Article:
The Commission on Thursday said 6000 candidates had registered to contest the elections on 30 January 2005 for the new National Assembly.
More than 100 parties, blocs and independents make up the 6000 candidates.
Updating previous figures, the Electoral Commission said 73 single-party lists were registered for the ballot, plus nine multiparty coalitions and 25 individuals running for a seat on their own.
The deadline for registration passed on Wednesday but full details of the candidates will not be published for some days, to allow for final amendments, a Commission spokesman said.
The 275-member National Assembly will oversee the drafting of a constitution over the next year and appoint a government.
The deadline for registration
Iraq will be treated as a single electoral district. Voters will choose a list and seats will be distributed to candidates on those lists according to the percentage of votes secured.
An election for the autonomous Kurdish parliament in the north will take place on the same day as the nationwide poll, as will elections to local assemblies for each Iraqi province.
The Electoral Commission said 14 parties had registered lists for the Kurdish ballot, in addition to one coalition.
The two main Kurdish parties, the KDP and PUK, which already dominate politics in the north, are expected to run on a joint list in the nationwide election.
Decision to withdraw
Speaking to Aljazeera, Raad Mawlud Mukhlis, Secretary-General of the Iraq League said, “We are for election and democracy”.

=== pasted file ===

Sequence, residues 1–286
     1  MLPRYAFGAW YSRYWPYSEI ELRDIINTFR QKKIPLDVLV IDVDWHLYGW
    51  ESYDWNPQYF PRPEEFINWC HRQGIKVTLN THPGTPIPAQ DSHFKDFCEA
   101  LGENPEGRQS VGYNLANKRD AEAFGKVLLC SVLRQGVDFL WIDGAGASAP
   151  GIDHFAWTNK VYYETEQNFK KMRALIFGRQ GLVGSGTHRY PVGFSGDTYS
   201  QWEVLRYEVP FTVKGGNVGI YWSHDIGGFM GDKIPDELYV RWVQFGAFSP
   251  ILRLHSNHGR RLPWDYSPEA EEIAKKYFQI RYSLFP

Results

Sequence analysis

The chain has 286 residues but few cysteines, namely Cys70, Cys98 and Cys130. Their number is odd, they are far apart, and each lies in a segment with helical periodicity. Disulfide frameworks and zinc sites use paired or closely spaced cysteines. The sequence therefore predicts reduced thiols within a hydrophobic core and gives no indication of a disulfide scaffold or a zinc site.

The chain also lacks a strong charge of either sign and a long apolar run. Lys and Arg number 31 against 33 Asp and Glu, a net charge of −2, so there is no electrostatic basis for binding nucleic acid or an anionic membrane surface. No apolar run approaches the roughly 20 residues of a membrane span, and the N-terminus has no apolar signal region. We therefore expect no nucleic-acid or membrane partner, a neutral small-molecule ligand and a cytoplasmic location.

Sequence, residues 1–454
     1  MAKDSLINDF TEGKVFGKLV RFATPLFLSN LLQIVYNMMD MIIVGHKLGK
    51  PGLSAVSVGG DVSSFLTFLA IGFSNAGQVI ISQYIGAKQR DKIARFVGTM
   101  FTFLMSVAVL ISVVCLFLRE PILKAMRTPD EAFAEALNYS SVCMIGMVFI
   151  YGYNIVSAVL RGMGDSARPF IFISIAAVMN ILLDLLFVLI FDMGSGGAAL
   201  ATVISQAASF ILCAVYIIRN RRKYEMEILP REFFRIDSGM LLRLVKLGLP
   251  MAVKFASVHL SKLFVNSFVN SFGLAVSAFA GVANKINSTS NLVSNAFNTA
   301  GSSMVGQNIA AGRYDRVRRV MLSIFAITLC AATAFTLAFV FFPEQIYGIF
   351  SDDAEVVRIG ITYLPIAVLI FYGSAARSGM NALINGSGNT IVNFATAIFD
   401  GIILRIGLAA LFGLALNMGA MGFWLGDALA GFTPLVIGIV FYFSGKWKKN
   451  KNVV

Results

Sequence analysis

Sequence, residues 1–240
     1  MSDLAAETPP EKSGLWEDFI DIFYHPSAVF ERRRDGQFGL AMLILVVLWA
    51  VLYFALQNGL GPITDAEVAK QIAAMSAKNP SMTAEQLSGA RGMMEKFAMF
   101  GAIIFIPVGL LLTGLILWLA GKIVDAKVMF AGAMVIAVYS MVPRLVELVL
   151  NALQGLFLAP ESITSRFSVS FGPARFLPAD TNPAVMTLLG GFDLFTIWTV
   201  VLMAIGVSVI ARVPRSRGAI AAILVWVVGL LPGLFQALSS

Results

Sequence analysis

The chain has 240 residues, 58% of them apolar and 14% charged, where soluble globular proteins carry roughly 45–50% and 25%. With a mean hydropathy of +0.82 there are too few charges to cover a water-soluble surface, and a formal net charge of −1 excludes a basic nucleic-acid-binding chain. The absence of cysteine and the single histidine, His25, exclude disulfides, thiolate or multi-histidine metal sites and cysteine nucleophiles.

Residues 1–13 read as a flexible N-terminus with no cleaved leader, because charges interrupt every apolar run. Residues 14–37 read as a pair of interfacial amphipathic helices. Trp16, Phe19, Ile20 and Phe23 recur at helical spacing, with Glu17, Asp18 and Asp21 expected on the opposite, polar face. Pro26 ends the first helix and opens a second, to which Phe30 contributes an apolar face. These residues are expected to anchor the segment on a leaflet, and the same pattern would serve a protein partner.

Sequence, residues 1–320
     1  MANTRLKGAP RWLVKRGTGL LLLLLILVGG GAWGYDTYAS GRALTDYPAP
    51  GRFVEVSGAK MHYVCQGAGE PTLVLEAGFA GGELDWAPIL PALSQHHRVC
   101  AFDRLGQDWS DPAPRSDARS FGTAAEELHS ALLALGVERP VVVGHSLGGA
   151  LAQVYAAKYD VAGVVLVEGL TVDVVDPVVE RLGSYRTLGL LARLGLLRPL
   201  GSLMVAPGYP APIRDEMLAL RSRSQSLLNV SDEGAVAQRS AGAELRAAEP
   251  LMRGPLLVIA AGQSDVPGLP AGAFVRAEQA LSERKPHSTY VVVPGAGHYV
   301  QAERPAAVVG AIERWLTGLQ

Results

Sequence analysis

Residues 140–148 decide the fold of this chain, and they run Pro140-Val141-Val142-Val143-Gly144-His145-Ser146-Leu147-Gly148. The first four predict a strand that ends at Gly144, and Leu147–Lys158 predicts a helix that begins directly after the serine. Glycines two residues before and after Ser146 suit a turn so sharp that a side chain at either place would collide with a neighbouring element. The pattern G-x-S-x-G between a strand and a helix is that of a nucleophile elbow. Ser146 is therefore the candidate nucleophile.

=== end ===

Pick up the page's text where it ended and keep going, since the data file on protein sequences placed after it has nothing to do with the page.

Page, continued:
“We call for an unconditional and genuine national reconciliation as agreed upon at the Sharm al-Shaikh conference before elections are carried out”
Raad Mawlud Mukhlis,
But, “since many Iraqis were marginalised and could not participate in the election due to absence of security, our party and the al-Uma (nation) party decided to withdraw from the polls,” Mukhlis said.
“We call for an unconditional and genuine national reconciliation as agreed upon at the Sharm al-Shaikh conference before elections are carried out,” he said.
When asked whether the party’s withdrawal was because it does not have a popular base, he said, “That is not true, as we have had roots historically since the founding of modern Iraq“.
“We have our own base and we represent the silent majority,” Mukhlis said.
Election will not be fair or just in some Iraqi cities like Mosul, Kirkuk, Salah al-Din, Anbar and Diyala in the absence of reconciliation, he added.